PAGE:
Generations of Scots have experienced the Edinburgh military tattoo at least once. For many, it evokes memories of freezing your socks off at the top of a windy grandstand and lots and lots of pipes and drums. The Scottish weather doesn’t really change, but the tattoo…. 68 years old this year, it just gets better and better.
This year’s theme of “The Sky’s the Limit” pays a special tribute to the Royal Air Force in its centenary year and images of the service over the years are cleverly superimposed against the castle walls. The 2018 show has all the usual ingredients: the massed pipe and drums create a spectacular effect, snaking their way up and down the castle esplanade, while the skirl of 235 bagpipes stirs the hardest of hearts. The Highland dancers are here with their sword dances, giant leaps and pas de basques and there is a local school choir, this year joined by a sister school from Malawi.
However, there is also much that is new, and the varied programme continues to showcase some fantastic acts from all corners of the earth. To mark the centenary of Czech independence, the Czech armed forces band provides musical accompaniment to a troupe of dancers dressed in traditional costumes, a palette of primary colours. The Sultan of Oman has sent a group of his cavalry, complete with Arab thoroughbreds who are kept in time by the all-female Omani marching band (hurrah for girl power). Further colour and significant joie de vivre comes from Mexico. The sight of whooping Aztec warriors running full pelt out of the smoke-filled entrance to the castle in immense feather-covered head-dresses is slightly terrifying, and they are then followed by a Mariachi marching band and dancers – one cannot help but smile at the feel-good atmosphere they create.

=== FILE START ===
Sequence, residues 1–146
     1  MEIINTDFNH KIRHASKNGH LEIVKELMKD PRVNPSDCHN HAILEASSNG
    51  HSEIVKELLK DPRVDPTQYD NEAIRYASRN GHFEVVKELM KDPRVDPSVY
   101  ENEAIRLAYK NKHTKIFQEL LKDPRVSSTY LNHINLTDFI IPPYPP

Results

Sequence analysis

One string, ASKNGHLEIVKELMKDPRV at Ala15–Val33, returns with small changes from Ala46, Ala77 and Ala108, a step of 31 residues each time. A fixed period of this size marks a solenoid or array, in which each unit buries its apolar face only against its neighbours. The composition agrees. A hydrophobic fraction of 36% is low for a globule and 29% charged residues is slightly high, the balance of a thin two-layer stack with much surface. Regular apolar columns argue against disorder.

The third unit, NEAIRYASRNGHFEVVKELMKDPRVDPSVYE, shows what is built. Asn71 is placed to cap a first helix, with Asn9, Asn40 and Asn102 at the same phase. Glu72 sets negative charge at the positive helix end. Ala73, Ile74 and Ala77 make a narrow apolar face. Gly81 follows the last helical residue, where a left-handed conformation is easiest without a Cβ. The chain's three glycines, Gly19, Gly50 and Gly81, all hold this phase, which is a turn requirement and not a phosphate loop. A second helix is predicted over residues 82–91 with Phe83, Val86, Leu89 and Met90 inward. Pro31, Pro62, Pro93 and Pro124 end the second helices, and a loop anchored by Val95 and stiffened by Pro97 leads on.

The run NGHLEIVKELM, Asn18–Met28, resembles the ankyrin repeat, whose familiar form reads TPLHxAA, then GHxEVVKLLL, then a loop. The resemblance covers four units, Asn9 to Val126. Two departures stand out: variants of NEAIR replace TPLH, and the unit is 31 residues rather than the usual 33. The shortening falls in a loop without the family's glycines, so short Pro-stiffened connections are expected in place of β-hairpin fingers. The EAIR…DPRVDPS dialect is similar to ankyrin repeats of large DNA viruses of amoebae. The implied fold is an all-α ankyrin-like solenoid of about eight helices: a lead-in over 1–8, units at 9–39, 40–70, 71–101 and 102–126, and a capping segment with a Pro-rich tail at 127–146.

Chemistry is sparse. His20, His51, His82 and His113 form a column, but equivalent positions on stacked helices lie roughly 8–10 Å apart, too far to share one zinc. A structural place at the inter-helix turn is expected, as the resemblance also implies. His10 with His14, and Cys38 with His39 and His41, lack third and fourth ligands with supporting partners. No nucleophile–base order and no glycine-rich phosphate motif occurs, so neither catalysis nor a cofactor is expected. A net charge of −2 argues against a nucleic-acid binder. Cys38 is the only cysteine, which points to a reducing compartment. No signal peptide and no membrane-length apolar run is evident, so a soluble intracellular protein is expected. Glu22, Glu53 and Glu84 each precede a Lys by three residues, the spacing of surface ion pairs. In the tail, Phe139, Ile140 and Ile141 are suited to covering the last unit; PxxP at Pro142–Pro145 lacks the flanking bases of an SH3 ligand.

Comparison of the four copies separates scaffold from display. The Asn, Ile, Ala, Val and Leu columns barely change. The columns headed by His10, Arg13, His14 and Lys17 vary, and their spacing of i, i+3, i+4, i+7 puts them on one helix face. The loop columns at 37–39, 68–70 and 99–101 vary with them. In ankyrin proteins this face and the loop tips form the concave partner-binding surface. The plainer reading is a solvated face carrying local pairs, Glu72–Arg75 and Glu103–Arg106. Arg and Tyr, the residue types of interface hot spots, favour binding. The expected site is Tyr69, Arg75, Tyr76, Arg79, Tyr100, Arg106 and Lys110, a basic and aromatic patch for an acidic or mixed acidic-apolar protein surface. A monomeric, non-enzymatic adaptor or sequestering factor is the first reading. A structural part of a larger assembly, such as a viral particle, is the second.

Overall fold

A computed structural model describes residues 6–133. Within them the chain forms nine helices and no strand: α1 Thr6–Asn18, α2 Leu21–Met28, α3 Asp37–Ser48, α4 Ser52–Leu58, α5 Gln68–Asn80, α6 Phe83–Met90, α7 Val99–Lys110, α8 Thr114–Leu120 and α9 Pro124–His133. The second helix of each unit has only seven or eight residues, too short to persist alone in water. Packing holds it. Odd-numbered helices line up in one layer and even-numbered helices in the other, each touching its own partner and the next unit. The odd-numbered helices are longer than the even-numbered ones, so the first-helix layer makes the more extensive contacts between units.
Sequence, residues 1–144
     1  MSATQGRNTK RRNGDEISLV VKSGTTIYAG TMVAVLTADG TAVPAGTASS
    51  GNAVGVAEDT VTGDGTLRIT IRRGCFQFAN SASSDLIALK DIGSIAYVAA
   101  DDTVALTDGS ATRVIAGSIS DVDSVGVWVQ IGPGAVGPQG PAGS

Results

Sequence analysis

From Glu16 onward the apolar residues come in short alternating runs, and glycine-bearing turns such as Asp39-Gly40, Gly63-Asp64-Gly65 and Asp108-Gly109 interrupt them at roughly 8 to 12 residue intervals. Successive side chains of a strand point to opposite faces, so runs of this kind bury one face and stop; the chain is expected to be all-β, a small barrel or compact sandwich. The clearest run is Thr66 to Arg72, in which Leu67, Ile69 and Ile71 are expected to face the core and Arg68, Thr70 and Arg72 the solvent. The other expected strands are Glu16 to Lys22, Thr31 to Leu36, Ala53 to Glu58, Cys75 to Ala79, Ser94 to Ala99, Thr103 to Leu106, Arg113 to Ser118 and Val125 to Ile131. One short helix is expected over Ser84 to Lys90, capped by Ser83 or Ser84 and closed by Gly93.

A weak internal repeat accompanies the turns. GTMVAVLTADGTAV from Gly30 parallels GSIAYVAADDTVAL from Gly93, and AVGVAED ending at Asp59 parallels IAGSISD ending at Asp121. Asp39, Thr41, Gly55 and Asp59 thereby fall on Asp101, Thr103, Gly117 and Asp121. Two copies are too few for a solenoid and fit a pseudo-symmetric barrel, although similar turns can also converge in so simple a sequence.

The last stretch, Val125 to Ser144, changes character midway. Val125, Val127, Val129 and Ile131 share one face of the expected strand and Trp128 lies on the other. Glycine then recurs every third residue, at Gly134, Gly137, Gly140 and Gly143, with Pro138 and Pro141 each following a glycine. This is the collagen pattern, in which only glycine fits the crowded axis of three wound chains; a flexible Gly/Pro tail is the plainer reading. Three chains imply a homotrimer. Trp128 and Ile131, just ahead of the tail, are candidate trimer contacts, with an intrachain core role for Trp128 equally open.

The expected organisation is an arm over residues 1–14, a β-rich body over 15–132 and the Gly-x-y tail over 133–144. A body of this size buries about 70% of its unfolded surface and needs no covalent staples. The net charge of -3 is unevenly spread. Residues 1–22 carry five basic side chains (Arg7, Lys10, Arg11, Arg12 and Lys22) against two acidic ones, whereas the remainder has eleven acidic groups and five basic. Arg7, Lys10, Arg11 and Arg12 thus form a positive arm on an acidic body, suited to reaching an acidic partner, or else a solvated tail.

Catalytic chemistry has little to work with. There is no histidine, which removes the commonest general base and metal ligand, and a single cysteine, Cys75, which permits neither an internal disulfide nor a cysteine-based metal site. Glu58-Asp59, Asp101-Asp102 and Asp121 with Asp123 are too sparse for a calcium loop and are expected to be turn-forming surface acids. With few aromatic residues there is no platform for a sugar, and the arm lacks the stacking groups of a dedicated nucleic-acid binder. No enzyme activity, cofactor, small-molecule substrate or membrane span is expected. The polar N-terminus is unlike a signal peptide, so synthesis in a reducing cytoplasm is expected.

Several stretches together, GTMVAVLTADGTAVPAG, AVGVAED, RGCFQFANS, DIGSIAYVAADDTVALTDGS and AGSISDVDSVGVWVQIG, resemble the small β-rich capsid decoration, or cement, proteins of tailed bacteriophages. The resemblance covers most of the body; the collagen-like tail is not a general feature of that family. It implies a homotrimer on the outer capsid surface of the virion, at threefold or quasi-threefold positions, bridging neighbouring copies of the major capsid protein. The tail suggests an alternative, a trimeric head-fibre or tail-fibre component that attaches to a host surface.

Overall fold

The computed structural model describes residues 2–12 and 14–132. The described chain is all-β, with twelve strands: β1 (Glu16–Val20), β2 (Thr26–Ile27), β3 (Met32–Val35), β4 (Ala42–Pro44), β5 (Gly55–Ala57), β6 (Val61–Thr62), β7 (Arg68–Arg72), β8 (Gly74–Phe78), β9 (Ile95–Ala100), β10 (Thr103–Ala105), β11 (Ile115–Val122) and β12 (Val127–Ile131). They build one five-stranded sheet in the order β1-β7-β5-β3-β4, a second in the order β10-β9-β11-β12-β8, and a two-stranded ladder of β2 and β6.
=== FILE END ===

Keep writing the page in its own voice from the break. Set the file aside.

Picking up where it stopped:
The running order of the show is well-planned, with bands and dancing interspersed with less musical items such as the “top secret” drum corps from Basel and the US air force honour guard drill team. As the show draws to its close, there is a moment of poignancy and magic, the lights dim and the lone piper on the castle battlements plays the moving Flodden lament, Flowers of the Forest.
A stirring finale of Scotland the Brave and some fireworks complete the evening, as the cast of over a thousand leave the arena before the pipe bands finally march out down the Royal Mile to the traditional and unforgettable tune of The Black Bear.
Now in its 20th consecutive sell-out year, it’s a testament to the sheer brilliance of the direction and performances in the tattoo that the 8,000-seater stadium is filled night after night. Yes, it’s not the cheapest option over festival time, but it’s worth every penny. A nod to the wise, book your ticket for 2019 early!